Sometimes out of necessity is born an idea. We always stayed at the same hotel when visiting our oldest daughter and her family when they lived in Fairfax, Virginia. This hotel was popular with travel groups – sports teams and international tour groups. We would see and meet people from around the world every morning getting breakfast in the common area of the lobby. It was fun, friendly, and busy! Each morning at the hotel, we would start with a cup of coffee while scoping out a table. Fresh, hot, halfway decent coffee in a paper cup with a lid and one of those cardboard sleeves to protect your fingers from the heat. 0ne morning, after a particularly busy weekend at the hotel, we poured our coffee, placed the lids on and looking around, there weren’t any cardboard sleeves anywhere for our hot coffee cups! We managed to get our hot coffees over to a table. While my husband watched the morning news, I pulled out my crochet. He looked at me and asked, “can you make me a cozy for my coffee cup? One, that covers the whole bottom?” Why, yes, I can! My husband has large hands. So, I knew why he wanted a cozy that covers more of the coffee cup than the usual cardboard sleeves. So was born that sunny morning in Virginia, The Fairfax Coffee Cozy. The cozy is made from 100% cotton and fits snugly over a size small or medium “fast-food” coffee cup. Not only does it protect your fingers, but it also helps insulate the cup to keep your coffee hot longer. I keep extra cozies in our cars for road trips and give them to friends and family when they need to take a coffee for their trip back home. Since this time, more and more places no longer offer the cardboard sleeves. So, another reason to keep these cozies on hand. If you find the cozy you have made has stretched out, throw it in the washer and dryer. It will return to its original size.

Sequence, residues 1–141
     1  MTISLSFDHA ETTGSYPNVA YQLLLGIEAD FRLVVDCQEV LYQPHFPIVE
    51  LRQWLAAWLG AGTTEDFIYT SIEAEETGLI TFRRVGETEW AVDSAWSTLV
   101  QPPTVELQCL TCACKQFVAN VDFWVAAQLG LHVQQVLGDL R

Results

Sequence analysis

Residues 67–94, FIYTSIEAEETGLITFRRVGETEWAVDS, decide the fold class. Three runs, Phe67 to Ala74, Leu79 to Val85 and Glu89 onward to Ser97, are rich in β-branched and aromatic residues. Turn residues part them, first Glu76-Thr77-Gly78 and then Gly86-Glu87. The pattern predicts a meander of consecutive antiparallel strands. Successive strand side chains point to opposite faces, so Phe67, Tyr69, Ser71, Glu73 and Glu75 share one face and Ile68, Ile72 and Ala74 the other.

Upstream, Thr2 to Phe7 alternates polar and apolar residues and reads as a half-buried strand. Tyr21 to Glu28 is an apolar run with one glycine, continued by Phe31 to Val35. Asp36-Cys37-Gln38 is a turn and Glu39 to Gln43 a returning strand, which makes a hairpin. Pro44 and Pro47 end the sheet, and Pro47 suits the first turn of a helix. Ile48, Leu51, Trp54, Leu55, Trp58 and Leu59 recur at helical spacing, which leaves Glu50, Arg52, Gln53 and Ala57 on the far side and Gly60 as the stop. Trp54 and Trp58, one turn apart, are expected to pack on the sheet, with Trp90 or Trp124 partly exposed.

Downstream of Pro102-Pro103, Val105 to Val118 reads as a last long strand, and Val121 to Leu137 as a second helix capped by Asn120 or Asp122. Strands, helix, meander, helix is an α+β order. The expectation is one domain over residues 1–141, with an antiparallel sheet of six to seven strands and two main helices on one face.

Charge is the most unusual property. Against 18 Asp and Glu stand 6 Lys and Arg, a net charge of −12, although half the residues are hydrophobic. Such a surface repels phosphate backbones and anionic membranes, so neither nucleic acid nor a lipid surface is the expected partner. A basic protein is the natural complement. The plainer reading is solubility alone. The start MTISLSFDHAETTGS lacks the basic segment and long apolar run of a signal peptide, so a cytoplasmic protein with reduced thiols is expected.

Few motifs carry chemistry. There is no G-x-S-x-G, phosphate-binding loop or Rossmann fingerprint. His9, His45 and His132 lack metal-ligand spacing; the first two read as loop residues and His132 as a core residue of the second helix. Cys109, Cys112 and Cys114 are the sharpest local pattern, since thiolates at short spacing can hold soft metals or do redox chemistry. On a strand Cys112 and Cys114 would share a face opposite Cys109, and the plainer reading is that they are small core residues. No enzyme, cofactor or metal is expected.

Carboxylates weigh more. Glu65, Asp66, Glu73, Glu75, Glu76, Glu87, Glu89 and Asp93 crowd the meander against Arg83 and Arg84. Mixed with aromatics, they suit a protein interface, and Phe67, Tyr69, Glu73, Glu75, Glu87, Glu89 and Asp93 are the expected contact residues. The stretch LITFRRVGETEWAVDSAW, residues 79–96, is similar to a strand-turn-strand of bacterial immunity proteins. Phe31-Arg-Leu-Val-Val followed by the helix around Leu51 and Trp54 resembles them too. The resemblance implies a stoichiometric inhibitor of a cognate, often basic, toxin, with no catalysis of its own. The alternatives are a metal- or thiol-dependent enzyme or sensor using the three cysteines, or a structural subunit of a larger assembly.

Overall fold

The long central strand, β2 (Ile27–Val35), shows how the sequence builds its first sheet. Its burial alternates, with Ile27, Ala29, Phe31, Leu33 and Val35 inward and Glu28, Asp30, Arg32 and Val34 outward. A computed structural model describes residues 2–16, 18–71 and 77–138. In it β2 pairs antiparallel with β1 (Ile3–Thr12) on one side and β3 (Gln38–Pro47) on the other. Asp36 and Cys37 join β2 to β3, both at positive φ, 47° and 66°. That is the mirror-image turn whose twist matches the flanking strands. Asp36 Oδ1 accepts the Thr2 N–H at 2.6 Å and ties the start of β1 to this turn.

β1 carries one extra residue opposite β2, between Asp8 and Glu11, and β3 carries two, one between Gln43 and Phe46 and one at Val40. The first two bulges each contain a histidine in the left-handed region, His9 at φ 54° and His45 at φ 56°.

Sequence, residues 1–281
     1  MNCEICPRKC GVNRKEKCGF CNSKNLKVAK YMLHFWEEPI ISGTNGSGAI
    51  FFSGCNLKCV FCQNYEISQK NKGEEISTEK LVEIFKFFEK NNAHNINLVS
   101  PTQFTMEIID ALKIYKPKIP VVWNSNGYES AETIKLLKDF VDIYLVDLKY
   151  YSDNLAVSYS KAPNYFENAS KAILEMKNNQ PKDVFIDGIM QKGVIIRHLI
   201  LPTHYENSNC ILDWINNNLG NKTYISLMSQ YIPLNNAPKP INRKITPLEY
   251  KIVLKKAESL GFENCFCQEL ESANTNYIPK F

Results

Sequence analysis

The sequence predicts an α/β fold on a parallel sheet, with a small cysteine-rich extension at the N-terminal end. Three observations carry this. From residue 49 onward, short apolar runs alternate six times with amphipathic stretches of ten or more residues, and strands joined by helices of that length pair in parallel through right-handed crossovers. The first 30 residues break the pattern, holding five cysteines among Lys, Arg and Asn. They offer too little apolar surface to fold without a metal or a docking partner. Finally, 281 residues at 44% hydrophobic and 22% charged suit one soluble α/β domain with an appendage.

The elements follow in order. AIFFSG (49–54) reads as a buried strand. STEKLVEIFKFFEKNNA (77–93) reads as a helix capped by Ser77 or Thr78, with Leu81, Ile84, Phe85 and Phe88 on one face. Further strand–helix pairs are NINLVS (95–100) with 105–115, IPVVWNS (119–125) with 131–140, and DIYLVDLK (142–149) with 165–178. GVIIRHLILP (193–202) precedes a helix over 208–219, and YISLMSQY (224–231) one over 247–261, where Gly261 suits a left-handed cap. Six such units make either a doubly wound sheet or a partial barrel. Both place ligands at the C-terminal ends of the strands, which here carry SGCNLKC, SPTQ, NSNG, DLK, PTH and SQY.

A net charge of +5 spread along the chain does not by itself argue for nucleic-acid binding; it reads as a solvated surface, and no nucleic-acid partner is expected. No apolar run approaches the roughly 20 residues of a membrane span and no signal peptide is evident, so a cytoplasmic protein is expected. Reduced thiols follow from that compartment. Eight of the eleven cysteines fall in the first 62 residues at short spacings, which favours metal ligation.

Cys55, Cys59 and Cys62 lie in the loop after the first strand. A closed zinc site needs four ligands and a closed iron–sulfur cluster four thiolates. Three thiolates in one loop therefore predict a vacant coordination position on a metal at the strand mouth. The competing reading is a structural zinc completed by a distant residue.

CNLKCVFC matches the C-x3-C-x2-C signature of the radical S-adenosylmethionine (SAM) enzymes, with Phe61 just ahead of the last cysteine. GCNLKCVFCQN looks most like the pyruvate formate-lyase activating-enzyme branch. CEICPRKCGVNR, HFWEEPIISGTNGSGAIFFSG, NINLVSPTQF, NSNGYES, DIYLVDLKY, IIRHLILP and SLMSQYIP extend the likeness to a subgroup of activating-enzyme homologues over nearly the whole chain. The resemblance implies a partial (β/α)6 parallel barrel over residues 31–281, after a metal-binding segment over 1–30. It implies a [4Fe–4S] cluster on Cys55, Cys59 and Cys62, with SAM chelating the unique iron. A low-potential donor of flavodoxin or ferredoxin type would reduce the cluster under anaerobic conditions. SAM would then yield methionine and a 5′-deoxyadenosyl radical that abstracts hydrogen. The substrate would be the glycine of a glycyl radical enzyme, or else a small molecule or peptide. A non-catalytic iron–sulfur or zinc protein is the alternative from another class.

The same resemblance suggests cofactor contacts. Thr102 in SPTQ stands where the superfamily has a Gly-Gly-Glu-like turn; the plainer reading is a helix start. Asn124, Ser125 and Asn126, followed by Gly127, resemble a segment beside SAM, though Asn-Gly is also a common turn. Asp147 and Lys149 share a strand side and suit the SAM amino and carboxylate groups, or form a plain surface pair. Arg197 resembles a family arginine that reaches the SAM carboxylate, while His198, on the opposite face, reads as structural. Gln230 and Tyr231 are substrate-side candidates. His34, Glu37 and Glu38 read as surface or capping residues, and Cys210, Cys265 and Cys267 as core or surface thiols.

The pattern includes tutorial pictures and a link to a video on how to crochet the reverse single crochet stitch also known as the crab stitch. One ball of yarn makes several coffee cozies and it’s a great way to use up cotton scrap yarn, too! The digital crochet pattern is available at Miss Sharon’s Craft Cupboard on Etsy.
Through this new venture of teaching crochet I have met new people and have made new friends along the way. One of those new friends contacted me a few weeks ago. Her summer schedule filled with gardening, camping, and watching her grandson had not allowed time for her to practice her crochet. She asked, “can we start again in the fall? “Yes, we can!”, I quickly responded. I have not had much time lately for crochet, either. So, I was grateful for the break!
Knowing my new friend has a passion for gardening, I asked if I could come see her garden and flower beds sometime this summer. She responded, “come soon while everything is in bloom”. I actually went over to her house that afternoon. It was wonderful taking a stroll around her home and through the side yards and back yard looking at her flower beds and gardens. I asked so many questions and enjoyed learning from her answers! Along the way she shared berries from her strawberry plants and blueberry bushes with me. We finished our tour on her patio drinking a shrub made of berries from her garden. If you don’t know what a shrub is for mixing in drinks, I’ve shared a link below. It makes a delicious, refreshing drink that is healthy! And, she gave me a lovely bunch of lavender tied with a pretty ribbon to take home. This is exactly what I needed that day to clear my scattered mind! Enjoy your summer, new friend. We will crochet again together in the fall.